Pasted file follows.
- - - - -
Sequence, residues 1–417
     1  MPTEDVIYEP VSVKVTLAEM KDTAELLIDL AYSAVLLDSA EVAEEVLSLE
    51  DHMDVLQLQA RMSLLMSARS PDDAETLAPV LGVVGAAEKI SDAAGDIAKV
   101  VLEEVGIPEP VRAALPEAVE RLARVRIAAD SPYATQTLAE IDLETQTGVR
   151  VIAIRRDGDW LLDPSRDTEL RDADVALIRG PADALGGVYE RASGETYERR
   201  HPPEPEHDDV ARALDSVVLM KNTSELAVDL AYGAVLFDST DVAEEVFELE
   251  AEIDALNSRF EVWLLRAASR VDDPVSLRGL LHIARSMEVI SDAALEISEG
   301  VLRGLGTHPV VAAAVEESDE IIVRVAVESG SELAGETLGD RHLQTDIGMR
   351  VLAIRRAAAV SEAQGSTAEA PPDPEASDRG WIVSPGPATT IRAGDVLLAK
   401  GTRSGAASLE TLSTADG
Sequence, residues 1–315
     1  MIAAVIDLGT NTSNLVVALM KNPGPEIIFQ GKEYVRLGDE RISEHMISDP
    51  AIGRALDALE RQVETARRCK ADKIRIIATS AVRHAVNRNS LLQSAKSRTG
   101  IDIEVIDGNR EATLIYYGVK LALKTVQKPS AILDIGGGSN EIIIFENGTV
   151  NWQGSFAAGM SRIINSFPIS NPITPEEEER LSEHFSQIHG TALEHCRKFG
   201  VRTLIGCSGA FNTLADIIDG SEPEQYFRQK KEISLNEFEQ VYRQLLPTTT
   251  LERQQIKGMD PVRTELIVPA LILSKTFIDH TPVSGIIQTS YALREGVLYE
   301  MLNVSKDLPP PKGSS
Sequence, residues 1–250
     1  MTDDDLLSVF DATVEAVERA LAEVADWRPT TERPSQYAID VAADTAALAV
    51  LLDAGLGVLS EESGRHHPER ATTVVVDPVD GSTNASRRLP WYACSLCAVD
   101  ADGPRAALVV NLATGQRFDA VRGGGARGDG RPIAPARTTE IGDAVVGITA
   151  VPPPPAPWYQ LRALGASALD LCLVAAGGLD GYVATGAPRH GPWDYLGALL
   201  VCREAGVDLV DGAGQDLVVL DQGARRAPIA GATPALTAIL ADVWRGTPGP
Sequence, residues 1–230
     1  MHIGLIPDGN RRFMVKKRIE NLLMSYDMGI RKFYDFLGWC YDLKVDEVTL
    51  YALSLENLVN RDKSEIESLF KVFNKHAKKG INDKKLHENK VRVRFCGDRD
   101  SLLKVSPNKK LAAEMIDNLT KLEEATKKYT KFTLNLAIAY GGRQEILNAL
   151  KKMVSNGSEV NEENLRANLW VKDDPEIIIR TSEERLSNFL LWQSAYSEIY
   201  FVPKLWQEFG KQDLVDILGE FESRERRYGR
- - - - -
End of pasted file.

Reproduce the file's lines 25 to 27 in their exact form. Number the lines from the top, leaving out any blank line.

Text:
Sequence, residues 1–230
     1  MHIGLIPDGN RRFMVKKRIE NLLMSYDMGI RKFYDFLGWC YDLKVDEVTL
    51  YALSLENLVN RDKSEIESLF KVFNKHAKKG INDKKLHENK VRVRFCGDRD